As the suburban expansion began to impact the Manchester
area, it was decided to relocate the parish at its present location
on Sulphur Springs and St. Joseph Lane. A temporary church, eight
classrooms serving 315 students, a convent, and a rectory were built
on this new site. In 1965, ten additional classrooms were added to
keep up with the ever-increasing population of the Parish. St.
Joseph Parish became the first "mega-parish" in the Archdiocese
of St. Louis. It's membership grew to three times the size of the
average parish. For twenty years it remained by far the largest parish
in the state of Missouri.
A very beautiful Church, with a seating capacity of 1000, was built
in 1975. Its contemporary architecture makes it one of the most
distinctive Churches in the Archdiocese. Eight more classrooms were
added to the school in 1985 to keep up with the over 600 students
who were then enrolled in the school.
The latest expansion of the facilities at St. Joseph Parish came
in 1991 when a beautiful new multi-purpose room was built. Two more
classrooms were added and the parish and school offices were expanded.
In 1993, the parish cemetery, which is located at the old parish
site on Creve Coeur Rd, was enhanced with a beautiful new entrance.
Thanks to the generosity of the people of St. Joseph Parish and
the foresight of the leaders of the parish, St. Joseph Parish has
one of the most beautiful and functional facilities of any parish
in the St. Louis Archdiocese. Its population continues to grow,
although the area it serves is now completely built up.
St. Joseph Parish in Manchester provides a great opportunity to
live the Catholic Tradition. There are many and various opportunities
to "get involved" and to share your time and talents for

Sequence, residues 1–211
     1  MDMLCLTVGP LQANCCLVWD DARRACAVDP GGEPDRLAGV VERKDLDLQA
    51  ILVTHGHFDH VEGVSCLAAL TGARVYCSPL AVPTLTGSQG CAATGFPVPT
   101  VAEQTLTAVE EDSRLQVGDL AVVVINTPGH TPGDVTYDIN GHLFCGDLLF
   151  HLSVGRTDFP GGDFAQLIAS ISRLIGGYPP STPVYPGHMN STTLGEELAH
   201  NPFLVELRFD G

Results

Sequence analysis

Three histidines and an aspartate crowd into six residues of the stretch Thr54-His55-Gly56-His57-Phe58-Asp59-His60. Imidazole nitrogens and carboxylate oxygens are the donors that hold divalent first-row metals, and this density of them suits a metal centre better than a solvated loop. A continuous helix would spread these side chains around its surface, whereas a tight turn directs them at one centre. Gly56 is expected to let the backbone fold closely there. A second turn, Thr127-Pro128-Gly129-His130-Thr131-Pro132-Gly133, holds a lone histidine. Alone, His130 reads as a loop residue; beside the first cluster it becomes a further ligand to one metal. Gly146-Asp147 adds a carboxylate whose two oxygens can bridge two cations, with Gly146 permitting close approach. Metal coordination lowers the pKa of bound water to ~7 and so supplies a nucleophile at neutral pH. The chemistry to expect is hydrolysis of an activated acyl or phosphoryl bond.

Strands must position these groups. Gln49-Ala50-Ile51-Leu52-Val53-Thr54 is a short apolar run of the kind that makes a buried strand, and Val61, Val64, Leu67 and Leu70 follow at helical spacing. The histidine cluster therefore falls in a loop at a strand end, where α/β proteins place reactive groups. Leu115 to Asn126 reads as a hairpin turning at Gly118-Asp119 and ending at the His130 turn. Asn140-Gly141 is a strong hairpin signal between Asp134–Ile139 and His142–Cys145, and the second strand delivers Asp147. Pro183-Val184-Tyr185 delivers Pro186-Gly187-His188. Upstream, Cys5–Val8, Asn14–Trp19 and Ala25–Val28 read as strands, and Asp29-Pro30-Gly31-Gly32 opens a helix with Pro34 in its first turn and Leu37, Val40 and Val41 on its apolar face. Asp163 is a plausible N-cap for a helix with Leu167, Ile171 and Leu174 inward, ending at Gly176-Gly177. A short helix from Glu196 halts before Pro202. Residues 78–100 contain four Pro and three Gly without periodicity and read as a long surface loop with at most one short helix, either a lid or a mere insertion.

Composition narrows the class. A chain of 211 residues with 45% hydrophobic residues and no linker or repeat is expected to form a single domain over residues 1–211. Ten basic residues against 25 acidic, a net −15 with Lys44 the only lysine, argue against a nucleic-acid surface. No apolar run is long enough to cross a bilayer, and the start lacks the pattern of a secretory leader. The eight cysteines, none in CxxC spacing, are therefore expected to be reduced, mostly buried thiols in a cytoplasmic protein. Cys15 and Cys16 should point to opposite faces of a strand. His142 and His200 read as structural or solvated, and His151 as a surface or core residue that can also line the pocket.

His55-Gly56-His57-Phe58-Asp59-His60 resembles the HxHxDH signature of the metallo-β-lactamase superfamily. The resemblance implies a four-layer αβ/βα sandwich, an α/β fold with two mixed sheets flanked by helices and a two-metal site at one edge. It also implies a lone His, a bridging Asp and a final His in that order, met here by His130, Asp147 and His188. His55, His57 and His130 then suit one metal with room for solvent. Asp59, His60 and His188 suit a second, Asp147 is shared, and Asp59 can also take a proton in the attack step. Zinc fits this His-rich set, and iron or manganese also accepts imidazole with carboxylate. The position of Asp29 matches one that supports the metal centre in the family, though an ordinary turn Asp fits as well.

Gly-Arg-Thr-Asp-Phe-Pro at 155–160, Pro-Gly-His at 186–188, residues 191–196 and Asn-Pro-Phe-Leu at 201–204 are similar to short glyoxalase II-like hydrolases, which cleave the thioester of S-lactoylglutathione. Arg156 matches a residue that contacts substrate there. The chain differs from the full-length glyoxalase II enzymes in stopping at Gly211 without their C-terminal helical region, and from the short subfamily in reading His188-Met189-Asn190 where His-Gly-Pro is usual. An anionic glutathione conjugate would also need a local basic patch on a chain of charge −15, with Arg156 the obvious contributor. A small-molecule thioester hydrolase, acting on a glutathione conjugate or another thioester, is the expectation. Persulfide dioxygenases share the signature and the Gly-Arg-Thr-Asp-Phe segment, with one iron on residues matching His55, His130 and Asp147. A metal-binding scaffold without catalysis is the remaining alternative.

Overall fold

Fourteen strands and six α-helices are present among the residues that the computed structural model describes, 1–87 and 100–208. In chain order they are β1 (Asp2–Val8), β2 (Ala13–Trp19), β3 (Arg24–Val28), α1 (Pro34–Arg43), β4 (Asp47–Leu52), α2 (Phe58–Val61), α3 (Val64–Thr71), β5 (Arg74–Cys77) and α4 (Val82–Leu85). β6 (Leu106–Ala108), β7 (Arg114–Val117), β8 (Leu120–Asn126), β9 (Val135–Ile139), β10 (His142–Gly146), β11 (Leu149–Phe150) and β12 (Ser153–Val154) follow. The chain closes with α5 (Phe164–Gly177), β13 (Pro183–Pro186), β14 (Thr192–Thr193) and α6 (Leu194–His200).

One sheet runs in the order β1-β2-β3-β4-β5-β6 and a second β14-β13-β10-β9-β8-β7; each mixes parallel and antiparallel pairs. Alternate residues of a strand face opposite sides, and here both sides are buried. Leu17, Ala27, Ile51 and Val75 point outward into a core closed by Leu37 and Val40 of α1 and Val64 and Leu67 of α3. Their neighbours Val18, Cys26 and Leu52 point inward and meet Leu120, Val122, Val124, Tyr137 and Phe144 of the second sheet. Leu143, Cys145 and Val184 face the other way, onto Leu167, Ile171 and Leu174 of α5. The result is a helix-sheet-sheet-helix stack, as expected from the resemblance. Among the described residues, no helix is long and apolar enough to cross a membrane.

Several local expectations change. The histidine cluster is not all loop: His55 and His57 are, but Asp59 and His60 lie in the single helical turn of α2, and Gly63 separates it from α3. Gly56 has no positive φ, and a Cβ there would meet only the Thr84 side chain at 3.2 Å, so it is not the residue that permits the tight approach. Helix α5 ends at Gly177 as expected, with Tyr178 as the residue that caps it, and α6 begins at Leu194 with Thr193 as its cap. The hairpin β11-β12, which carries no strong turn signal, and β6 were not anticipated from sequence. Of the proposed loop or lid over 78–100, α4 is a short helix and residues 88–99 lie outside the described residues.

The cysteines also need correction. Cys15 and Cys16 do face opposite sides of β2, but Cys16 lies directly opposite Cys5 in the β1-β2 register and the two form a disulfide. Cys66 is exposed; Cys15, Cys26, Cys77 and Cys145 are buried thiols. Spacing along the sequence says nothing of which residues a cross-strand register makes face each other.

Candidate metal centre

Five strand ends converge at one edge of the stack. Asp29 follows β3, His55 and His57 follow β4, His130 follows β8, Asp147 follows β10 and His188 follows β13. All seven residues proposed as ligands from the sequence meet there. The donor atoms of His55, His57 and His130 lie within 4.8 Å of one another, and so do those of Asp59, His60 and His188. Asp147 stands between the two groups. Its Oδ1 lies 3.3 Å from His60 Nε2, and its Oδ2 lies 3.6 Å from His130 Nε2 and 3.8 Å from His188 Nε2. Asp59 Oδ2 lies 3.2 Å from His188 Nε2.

the good of others.
The new St. Joseph Church (dedicated in 1975) is a beautiful expression
of contemporary architecture and Catholic tradition. Though the
church seats 1,000, the fan shaped arrangement of the pews and the
sloping floor allow even those seated in the last rows to see and
to be drawn into union with the priest and fellow worshippers for
the celebration of the Mass.
The materials used in the structure and furnishings - brick, steel,
tile on the roof of the sanctuary, travertine marble for the altar,
natural wood - were selected for their permanence and allude to
the permanence of God's love for man. The light streaming in the
skylight reminds us of our mission to be the light of the world,
to strive for holiness through an ever deeper union with our heavenly
Father; for it is our nature, as a Church to be holy.
The location of the new church was chosen carefully. Standing where
it does - on a hill overlooking a neighborhood, close to a road
so to be clearly visible to a passerby - it is symbolic of the relationship
of the Church to the community at large. The bells which call us
to worship also call us to remember that redemptive grace is at
work far beyond the walls of any church; for the Church, by its
nature, is also universal.
The contemporary design of the church building itself and the art
adorning its walls are a sign to us and to the community that the
Church is no mere relic of the past. Though we are rooted in tradition
we treasure deeply, it is our mission, as a Christian Church, to